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What is an interest-only loan?

Interest-only loans have grown considerably in Australia over the past few years. However, a recent crackdown from the Australian Prudential Regulation Authority on this type of lending highlights the risks of these loans to both the lendee and economy.

An interest-only loan is commonly used if you are buying a house or refinancing your current mortgage. These types of loans only cover repayments on interest for the amount borrowed during an interest-only period as opposed to principal and interest loans where the repayments reduce the principal and pay off the interest.

Interest-only loans are appealing to home buyers as there are lower repayments at the start of their loan and they can be used for investing and tax purposes. However, these short-term benefits may not outweigh the long-term costs.

Once the agreed interest-only period is up, the loan reverts to a principal and interest loan – resulting in significantly higher repayments. As the interest-only period only covers the interest, you do not reduce the amount of money you owe during this period; therefore you end up paying more interest over the lifetime of the loan.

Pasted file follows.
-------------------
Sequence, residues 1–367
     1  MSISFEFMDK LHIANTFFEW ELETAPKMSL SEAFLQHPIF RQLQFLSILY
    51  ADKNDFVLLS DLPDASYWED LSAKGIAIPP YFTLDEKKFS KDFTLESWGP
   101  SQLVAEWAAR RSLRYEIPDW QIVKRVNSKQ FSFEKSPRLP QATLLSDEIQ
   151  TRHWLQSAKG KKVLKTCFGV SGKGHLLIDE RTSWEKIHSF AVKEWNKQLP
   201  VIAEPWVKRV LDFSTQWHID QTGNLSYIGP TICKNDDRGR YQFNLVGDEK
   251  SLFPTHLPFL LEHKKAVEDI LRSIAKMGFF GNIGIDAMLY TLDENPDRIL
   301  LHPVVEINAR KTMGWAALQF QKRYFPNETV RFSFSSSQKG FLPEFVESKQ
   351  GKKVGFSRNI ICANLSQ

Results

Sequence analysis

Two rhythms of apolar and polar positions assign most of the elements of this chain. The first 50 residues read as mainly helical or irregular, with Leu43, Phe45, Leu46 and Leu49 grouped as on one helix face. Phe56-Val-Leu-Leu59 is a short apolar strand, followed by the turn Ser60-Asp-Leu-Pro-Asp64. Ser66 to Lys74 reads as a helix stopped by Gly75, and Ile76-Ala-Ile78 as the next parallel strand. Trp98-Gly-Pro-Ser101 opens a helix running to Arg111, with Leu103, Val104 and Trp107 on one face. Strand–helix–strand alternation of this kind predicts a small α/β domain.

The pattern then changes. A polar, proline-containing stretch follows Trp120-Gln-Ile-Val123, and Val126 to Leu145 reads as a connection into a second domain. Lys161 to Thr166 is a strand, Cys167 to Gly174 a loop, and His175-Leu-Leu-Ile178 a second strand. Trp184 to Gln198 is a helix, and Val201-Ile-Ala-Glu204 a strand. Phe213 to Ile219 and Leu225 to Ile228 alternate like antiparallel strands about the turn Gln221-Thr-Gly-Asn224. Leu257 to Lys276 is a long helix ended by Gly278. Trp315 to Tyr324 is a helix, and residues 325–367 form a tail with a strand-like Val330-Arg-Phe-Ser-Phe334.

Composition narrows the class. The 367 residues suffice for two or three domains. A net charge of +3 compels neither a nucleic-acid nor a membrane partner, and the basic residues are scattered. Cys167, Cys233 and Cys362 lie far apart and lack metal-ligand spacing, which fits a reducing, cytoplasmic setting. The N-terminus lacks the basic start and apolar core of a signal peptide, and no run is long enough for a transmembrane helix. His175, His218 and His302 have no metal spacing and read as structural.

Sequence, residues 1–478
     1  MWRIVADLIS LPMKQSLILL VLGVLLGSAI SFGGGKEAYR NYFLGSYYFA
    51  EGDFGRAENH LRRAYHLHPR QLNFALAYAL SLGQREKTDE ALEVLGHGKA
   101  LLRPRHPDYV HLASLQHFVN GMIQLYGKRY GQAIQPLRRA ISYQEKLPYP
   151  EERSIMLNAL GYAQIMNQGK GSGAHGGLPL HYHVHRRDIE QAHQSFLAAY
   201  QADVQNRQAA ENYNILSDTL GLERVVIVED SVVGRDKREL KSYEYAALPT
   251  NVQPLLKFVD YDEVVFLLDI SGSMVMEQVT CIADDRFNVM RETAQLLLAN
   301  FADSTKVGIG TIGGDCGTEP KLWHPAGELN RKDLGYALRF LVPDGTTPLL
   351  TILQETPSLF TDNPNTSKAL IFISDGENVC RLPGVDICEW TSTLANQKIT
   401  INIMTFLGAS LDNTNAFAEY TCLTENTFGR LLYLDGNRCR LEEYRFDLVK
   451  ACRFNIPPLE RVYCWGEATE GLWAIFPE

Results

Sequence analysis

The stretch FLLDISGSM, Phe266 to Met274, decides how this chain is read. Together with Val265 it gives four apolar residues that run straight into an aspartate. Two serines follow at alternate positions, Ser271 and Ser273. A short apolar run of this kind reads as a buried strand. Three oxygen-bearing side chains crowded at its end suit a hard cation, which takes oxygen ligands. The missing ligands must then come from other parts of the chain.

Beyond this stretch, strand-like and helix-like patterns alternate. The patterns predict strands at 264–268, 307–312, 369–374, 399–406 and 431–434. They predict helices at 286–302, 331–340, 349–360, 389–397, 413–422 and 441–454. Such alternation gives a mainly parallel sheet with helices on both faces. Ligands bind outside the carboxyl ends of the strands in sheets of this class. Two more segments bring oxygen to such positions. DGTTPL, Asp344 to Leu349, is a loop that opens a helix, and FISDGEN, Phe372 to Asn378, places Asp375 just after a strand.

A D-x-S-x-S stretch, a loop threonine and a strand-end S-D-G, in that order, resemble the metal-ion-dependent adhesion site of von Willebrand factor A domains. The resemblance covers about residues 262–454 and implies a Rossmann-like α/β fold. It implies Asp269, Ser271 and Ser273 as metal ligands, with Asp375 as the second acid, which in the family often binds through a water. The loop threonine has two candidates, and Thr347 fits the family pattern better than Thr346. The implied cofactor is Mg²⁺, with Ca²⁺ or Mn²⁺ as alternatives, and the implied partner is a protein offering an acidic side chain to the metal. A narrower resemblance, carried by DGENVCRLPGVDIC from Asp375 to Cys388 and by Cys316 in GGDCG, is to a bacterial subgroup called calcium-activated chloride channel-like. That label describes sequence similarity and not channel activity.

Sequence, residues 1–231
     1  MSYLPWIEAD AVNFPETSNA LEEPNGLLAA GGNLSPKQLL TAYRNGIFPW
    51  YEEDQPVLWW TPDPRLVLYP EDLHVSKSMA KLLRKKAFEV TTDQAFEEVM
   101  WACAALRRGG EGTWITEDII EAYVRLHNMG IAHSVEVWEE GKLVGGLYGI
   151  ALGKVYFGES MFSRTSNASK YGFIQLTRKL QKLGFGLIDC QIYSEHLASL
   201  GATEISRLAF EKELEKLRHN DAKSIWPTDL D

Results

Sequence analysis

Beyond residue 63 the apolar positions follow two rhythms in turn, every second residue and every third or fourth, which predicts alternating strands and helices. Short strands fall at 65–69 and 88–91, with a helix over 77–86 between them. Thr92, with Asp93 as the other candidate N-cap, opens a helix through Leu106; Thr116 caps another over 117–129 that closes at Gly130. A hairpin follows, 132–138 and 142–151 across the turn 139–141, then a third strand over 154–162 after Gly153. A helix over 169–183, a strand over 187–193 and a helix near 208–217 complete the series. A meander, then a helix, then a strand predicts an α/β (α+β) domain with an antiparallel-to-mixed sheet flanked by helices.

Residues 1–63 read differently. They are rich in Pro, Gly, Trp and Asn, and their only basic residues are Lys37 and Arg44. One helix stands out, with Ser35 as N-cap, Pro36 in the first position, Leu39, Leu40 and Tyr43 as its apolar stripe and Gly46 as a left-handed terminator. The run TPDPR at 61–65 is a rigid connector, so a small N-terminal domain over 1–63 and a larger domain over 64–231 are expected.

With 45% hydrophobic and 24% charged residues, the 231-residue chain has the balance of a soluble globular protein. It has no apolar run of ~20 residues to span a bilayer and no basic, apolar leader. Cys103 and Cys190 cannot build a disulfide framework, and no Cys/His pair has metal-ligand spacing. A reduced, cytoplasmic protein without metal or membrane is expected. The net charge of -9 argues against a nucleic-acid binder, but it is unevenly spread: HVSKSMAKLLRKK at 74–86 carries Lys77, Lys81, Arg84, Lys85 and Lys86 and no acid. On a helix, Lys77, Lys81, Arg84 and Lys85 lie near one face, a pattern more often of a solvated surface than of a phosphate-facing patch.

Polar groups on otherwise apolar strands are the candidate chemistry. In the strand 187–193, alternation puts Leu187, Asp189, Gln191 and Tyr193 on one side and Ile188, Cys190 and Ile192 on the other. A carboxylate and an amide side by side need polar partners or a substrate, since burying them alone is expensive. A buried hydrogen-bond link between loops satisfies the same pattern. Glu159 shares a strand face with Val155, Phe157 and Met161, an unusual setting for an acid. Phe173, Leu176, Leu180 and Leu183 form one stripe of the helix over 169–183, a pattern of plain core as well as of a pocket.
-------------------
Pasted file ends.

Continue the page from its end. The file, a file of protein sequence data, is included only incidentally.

Interest-only loans also rely on house prices to rise. These loans carry the risk of leaving the lendee with no equity in their home at the end of the interest-only period if their property does not increase in value during this time.

Before entering into an interest-only loan, you should carefully consider whether you will be able to afford the higher repayments once the interest-only period ends. Comparing interest-only loan repayments to principal and interest repayments will also help you to decide if the short-term benefits are worth it in the long run.


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